Public Employment, Police, Indemnification of employee, Collective bargaining, Residence requirement.
A Superior Court judge correctly struck from an arbitrator's award two provisions that would have divested the city of Boston of its discretionary power under G. L. c. 258, s. 9, to determine whether to indemnify police officers for liability arising out of intentional torts or civil rights violations in certain circumstances [75-77] and that would have granted certain exemptions outside the bargaining unit from a requirement of residency in the city as to all police officers thereafter hired [77-79], where the arbitrator was without authority to grant those demands.
CIVIL ACTION commenced in the Superior Court Department on June 24, 1994.
The case was heard by Barbara J. Rouse, J., on respective motions to dismiss and for summary judgment.
Joseph G. Sandulli for Boston Police Patrolmen's Association, Inc.
John Foskett (Catherine S. Reidy with him) for the plaintiff.
ARMSTRONG, J. After the expiration of a collective bargaining agreement on June 30, 1990, the Boston Police Patrolmen's Association, Inc. (union), and the city (represented by corporation counsel) bargained for several years to an impasse that was broken when the joint labor-management committee ordered arbitration of the then remaining differences. In arbitration, the city contended that certain demands of the union were beyond
the arbitrator's power to grant. Two of these were granted by the arbitrator in his June, 1994, award. The city filed a petition to vacate those provisions, and the judge, correctly rejecting a motion to dismiss filed by the union, ordered both provisions struck from the award. The case is before us on the appeal of the union.
The union sought a contract provision committing the city, mandatorily, to indemnify patrolmen to the extent permitted by G.L. c. 258, s. 9: that is to say, up to one million dollars for liabilities arising out of intentional torts or civil rights violations so long as the violations were committed within the scope of their employment and were not the product of gross negligence or wilful or malicious conduct [Note 2]. The arbitrator as part of his award ordered "[t]hat the [union]'s request for indemnification is granted to the extent that the proposal conforms to the State Police provision G. L. c. 258, s. 9A." Section 9A (applicable to State Police officers), unlike s. 9 ("may indemnify") provides for mandatory indemnity [Note 3].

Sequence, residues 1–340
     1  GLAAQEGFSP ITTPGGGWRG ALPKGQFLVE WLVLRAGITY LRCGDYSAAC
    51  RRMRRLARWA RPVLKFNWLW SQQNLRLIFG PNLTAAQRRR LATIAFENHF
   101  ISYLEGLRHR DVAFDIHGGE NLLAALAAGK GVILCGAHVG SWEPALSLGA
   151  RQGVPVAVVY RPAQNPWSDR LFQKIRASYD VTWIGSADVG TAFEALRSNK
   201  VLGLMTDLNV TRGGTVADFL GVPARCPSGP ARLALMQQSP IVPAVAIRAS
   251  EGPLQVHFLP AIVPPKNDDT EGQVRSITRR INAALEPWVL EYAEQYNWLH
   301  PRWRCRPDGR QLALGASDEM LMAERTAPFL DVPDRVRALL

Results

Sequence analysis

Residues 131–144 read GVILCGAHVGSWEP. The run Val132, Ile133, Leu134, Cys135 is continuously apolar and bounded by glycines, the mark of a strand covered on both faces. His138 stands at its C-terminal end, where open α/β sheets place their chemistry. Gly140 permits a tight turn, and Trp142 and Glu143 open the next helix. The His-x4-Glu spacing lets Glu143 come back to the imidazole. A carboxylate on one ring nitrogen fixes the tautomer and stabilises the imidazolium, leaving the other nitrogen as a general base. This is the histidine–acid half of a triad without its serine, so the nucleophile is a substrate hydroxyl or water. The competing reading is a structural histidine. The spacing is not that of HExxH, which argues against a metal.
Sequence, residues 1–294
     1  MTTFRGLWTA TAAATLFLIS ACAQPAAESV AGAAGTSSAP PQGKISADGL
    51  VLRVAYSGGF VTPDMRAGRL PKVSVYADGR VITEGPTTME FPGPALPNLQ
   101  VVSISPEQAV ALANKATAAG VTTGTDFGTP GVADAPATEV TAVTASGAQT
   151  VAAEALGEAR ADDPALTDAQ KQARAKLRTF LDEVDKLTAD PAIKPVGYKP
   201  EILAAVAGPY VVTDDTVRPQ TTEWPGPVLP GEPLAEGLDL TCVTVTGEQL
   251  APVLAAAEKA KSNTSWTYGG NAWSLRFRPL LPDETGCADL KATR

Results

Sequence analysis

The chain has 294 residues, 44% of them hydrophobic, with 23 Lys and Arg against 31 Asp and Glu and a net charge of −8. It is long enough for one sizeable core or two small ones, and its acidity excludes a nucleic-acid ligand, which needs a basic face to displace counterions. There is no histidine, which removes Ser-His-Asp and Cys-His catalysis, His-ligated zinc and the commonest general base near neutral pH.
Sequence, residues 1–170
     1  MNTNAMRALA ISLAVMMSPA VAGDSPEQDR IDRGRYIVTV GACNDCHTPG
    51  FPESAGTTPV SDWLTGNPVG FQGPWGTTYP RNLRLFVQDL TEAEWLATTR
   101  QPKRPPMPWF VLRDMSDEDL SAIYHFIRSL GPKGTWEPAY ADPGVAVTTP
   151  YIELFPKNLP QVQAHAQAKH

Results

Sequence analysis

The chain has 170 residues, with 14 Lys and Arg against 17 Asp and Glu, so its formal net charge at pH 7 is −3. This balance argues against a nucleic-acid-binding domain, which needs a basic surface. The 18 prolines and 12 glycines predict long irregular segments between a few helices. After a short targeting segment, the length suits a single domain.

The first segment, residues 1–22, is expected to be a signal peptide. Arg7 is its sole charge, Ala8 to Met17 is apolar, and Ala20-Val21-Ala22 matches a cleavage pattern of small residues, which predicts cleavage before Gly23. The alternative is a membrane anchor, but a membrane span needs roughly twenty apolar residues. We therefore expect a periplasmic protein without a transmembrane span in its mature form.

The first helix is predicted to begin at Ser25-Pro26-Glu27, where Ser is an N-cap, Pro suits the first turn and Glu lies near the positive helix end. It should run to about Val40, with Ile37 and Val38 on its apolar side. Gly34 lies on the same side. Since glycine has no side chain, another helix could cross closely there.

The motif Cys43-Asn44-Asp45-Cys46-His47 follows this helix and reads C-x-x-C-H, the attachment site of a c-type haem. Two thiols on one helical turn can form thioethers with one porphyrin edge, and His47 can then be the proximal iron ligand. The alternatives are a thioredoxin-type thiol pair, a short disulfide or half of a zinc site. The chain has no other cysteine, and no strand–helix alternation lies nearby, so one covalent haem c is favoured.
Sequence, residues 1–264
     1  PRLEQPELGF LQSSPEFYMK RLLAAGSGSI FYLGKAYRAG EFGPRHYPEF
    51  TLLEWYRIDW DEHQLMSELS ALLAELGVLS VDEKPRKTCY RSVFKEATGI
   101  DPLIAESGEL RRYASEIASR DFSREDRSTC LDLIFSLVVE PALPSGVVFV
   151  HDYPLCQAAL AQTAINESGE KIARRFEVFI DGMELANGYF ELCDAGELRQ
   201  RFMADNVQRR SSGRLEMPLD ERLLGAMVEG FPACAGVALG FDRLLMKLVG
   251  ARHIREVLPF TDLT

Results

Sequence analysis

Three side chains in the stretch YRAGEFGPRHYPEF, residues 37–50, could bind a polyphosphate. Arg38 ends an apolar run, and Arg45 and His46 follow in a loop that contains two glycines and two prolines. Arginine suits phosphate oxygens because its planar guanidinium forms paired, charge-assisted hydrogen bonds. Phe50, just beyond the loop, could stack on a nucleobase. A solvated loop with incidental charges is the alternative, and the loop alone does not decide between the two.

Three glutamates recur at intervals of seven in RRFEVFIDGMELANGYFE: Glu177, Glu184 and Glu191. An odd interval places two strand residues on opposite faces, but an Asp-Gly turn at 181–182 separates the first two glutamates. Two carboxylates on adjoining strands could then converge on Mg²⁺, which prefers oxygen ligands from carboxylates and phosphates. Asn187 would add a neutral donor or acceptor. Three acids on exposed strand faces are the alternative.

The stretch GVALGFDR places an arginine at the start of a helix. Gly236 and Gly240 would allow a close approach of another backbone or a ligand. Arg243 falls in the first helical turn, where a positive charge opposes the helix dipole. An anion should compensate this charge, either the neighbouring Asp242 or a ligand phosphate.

The city argues that an arbitrator is without authority to order it to forgo its discretionary power to decide whether to indemnify on a case-by-case basis; to enforce such an order, it argues, would divest the city of an exclusive managerial prerogative in conflict with the discretion conferred on it by s. 9. The argument is, in our view, sound, and it finds support in the language of our decision in Filippone v. Mayor of Newton, 16 Mass. App. Ct. 417 , 427 (1983), S.C., 392 Mass. 622 (1984) (reversing on other grounds). There we said that "G. L. c. 258, s. 9 (and the substantially identical G. L. c. 258, s. 13), are specific in their terms and were intended by the Legislature to confine (on grounds of public policy) indemnification of public employees by their employers to covered cases [meeting the conditions of s. 9]. By these restrictions, the Legislature apparently sought to limit the ability of public employers to expose
the taxpayers to potentially sizeable financial obligations arising out of intentional torts and civil rights violations committed by public employees. . . . We . . . view the statutes as a comprehensive treatment of the subject of indemnification in this area and as designed 'to preclude the exercise of any [inconsistent] local power or function on the same subject.' Bloom v. Worcester, [ 363 Mass. 136 J 155 [(1973)] [Note 4]."
The union argues that the Filippone decisions support its contention that mandatory indemnification does not conflict with s. 9 because the Newton ordinance there upheld provided for mandatory indemnification of certain municipal officers. The contention is unsound for two reasons. First, the mandatory character of the indemnification was a point that was not raised by the parties and was neither discussed nor, so far as appears, noticed by either court. Those decisions are not binding precedent on an issue not considered or decided therein. Second, in the Filippone case the city, acting through its duly constituted legislative processes, had provided by ordinance for blanket indemnification of a class of officers whose alleged acts fell within the conditions for indemnification fixed by s. 9. The Filippone decisions are not authority for the power of an arbitrator to commit Boston against its will to mandatory indemnification of any class of officers or employees. See and compare Lynn v. Labor Relations Commn., 43 Mass. App. Ct. 172 , 180-182 (1997), concerning statutes "authorizing the employer to perform a specific, narrow function," id. at 180, here, the exercise of judgment whether to indemnify its employees for losses resulting from acts committed in the discharge of their duties. Perhaps a municipality, acting through its legislative process, can make such a judgment in advance as to a class of its employees, but, in our view, a public employer cannot similarly divest the municipality of its discretion in this regard